Bank of India re-entered the Ugandan market in 2012, having first opened shop here in 1953, but following the expulsion of Asians from the country by former President Idi Amin in 1972, it sold its assets to Bank of Baroda and exited the country.
It is a small bank but it has been profitable since 2012. It was the 15th most profitable bank in Uganda in 2016. It made a net profit of Shs2.3bn, up from Shs1.2bn in 2015. The bank is said to have made Shs4bn in net profit in the year ended December 2017. However, due to structural changes in banking sector in India, Bank of India Uganda (BOIU) had been identified for closure until a final decision was taken on March20, 2018 to continue with the operations. This was after reviewing its performance.
Business Focus’ Taddewo William Senyonyi (TWS) had an exclusive interview with BOIU Managing Director, Ajah Panth (AP) at the bank’s head offices on Jinja road about the bank’s successful start in Uganda and a wide range of issues about Uganda’s banking sector.
Below are the excerpts of the interview;
TWS: On March 20, 2018, the Board of Directors of Bank of India decided to continue with operations of Uganda subsidiary contrary to earlier plans. What informed their decision to stay in Uganda?
AP: There are structural changes taking place in banking sector in India. Bank of India has decided to close some of the foreign centres and Uganda was identified for closure but final decision was to be taken on March 20, 2018. They reviewed the performance of Bank of India Uganda and decided not to close it because of good performance.
TWS: Tell us more about BOI Uganda performance?
AP: Bank of India has been making profits since inception in 2012; business has been growing at a decent pace. We have had nearly zero Non-Performing Loans due to our quality of lending. In 2017, our profit is estimated to have grown by more than 50%. The results are yet to be approved by the Bank of Uganda but they are impressive.
In 2016, our profits grew by 90% although our business is small. We are one of the best performing among the newer banks. From 2016, we started paying dividends.
TWS: Many banks with Greenfield operations have found it hard to hit the ground running. How have you managed to start on a high?
AP: The main reason for our success is the quality of lending. We pay attention to detail on the customer wanting a loan; we have a strong committee that decides on a loan to be given out. The quality of lending is very important and explains why we have been profitable since inception.
And it’s easy to get a loan from BOI; we look at the experience of the borrower, security available and cash flows. Our loan portfolio stands at Shs97bn and this is diversified in different sectors.
TWS: What’s BOI’s niche/target market?
AP: Our niche is the middle corporates, SMEs (Small and Medium Enterprises) and retail customers like housing loans. This is because our capital base is small [so we can’t go for high net customers]. We currently have 3,500 clients and have two branches in Kampala but we plan to cover the entire country.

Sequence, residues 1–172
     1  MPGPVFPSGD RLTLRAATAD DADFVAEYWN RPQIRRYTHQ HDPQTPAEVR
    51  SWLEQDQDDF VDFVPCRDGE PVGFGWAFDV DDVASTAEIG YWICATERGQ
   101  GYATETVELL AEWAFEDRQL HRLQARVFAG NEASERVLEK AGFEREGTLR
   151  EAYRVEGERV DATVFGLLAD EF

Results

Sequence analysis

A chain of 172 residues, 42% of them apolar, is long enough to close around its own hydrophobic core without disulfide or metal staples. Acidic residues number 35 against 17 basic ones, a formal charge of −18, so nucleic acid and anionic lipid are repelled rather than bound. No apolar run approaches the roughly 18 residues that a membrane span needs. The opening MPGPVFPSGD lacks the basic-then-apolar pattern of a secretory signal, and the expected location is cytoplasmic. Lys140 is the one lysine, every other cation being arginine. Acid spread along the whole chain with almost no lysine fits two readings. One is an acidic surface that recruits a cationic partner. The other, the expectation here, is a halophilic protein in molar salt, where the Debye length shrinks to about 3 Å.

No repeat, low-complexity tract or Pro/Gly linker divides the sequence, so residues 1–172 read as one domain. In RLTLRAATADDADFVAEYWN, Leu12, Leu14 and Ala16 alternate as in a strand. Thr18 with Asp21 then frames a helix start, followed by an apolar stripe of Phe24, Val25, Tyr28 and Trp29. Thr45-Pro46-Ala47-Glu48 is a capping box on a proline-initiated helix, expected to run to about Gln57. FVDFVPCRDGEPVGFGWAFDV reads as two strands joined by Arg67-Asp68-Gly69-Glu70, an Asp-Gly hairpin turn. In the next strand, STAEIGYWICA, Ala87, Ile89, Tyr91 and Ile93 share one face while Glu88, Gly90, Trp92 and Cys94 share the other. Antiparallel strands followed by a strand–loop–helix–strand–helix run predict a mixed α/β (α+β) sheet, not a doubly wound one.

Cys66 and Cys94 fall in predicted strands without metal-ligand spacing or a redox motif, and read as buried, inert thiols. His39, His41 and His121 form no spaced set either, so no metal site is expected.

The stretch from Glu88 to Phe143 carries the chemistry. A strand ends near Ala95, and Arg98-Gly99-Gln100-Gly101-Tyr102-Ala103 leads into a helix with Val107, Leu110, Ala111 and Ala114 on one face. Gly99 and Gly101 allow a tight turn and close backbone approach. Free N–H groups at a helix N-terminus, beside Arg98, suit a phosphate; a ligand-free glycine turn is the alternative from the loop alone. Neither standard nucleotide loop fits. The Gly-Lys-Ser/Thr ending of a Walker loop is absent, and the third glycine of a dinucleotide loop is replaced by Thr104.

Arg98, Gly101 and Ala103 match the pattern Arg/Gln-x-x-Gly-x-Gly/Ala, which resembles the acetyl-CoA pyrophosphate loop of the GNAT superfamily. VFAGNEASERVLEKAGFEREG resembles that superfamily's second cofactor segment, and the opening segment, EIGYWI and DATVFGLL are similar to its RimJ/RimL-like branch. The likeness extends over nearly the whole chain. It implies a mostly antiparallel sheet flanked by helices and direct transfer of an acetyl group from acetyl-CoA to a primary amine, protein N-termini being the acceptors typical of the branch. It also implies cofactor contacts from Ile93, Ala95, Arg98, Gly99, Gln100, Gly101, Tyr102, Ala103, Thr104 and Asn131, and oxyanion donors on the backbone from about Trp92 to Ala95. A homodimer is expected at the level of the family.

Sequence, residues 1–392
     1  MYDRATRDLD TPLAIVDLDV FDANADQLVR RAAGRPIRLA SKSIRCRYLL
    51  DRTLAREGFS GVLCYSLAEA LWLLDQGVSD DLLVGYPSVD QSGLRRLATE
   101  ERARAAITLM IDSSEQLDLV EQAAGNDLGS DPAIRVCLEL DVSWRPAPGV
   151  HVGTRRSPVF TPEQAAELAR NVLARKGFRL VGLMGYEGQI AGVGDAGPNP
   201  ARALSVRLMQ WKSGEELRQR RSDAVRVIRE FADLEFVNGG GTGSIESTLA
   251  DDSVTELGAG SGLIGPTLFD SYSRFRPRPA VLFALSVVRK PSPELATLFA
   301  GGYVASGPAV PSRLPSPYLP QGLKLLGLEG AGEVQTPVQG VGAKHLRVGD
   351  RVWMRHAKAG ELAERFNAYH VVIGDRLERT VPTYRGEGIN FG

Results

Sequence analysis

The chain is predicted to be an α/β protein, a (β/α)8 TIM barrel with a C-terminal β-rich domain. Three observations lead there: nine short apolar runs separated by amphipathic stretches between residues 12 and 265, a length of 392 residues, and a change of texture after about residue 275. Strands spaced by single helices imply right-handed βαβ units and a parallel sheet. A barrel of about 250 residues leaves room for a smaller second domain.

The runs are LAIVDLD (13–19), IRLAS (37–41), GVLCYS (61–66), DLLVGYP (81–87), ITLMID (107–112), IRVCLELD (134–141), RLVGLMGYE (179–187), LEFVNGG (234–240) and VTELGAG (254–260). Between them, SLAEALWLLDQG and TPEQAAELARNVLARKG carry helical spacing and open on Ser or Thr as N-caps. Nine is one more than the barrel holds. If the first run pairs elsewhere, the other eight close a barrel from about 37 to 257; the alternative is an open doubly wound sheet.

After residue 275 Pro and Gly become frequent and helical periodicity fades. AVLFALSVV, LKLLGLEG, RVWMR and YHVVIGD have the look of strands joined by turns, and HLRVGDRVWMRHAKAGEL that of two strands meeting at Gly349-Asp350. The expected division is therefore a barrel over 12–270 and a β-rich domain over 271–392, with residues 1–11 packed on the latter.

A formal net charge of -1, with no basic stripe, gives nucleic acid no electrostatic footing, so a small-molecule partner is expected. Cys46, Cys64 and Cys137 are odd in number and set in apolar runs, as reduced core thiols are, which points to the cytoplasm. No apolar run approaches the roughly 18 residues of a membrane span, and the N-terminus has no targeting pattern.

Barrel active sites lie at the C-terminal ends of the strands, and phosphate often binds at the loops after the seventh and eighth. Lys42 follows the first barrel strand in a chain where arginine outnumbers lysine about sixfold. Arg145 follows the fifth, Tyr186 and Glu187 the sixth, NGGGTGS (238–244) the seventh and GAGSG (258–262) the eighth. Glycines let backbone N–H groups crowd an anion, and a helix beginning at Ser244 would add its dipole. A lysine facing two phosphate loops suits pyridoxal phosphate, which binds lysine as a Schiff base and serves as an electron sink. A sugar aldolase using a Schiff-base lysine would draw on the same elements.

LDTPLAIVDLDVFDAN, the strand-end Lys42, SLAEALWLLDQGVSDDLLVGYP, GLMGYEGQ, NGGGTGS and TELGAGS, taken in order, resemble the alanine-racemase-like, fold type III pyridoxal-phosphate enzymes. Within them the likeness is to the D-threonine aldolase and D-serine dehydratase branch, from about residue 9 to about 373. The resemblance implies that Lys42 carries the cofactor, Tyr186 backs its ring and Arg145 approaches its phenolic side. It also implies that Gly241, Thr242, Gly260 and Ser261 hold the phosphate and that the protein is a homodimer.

TWS: You have a few branches yet you aren’t big on digital banking. What are your plans for online banking?
AP: We provide internet banking to our customers; we follow strict guidelines. We have plans to better our internet banking; we already have a local data centre, automated clearing house and we shall come up with ATMs soon. We are in talks with ATM dealers.
TWS: What’s the impact of new accounting rules (IFRS 9) to the banking sector?
AP: The International Financial Reporting Standards 9 (IFRS 9) took effect on January1, 2018. Unlike before, the new rules require all commercial banks to put aside money to cater for expected losses from the loans that they give out. This means that commercial banks require more money at hand if they are to give out loans or expected credit loss (ECL) provisioning.
This will definitely impact on profitability and capital adequacy; banks may have to bring in more capital to meet the standards. For BoI, we are adequately capitalized in line with the new rules.
TWS: What key challenges is Uganda’s banking industry facing?
AP: It is challenging times for banks because they must upgrade to the latest technology. Mobile phone banking (by telecoms) is also a challenge because small borrowers don’t need to come to banks; they do it on their phones and business is growing at a high rate. Banks must transform technologically to meet the growing needs of customers.
TWS: What are BOI’s prospects in 3-5 years to come?
AP: Our business has been growing at a descent pace, but our industry share is less than 1%. We want to grow this share so that we can rank among the top 10 banks in Uganda in 2-5 years’ time.
We have expansion plans and shall soon embrace agency banking; issue ATMs and Bancassurance is also on the cards.
TWS: What’s your outlook for the banking sector in 2018?
AP: 2017 was a tough year for the banking industry. For BOI, lending grew by about 20% and so was general business. The good news is that the economy is recovering and lending will improve in 2018. The Bank of Uganda has also been reducing the Central Bank Rate (CBR, a benchmark lending rate for commercial banks now at 9%) and NPLs are declining; industry NPLs are expected to decline to 5-6% in 2017, down from over 10% in 2016.
Asset quality is also much better than the previous year, a thing that should see an increase in lending.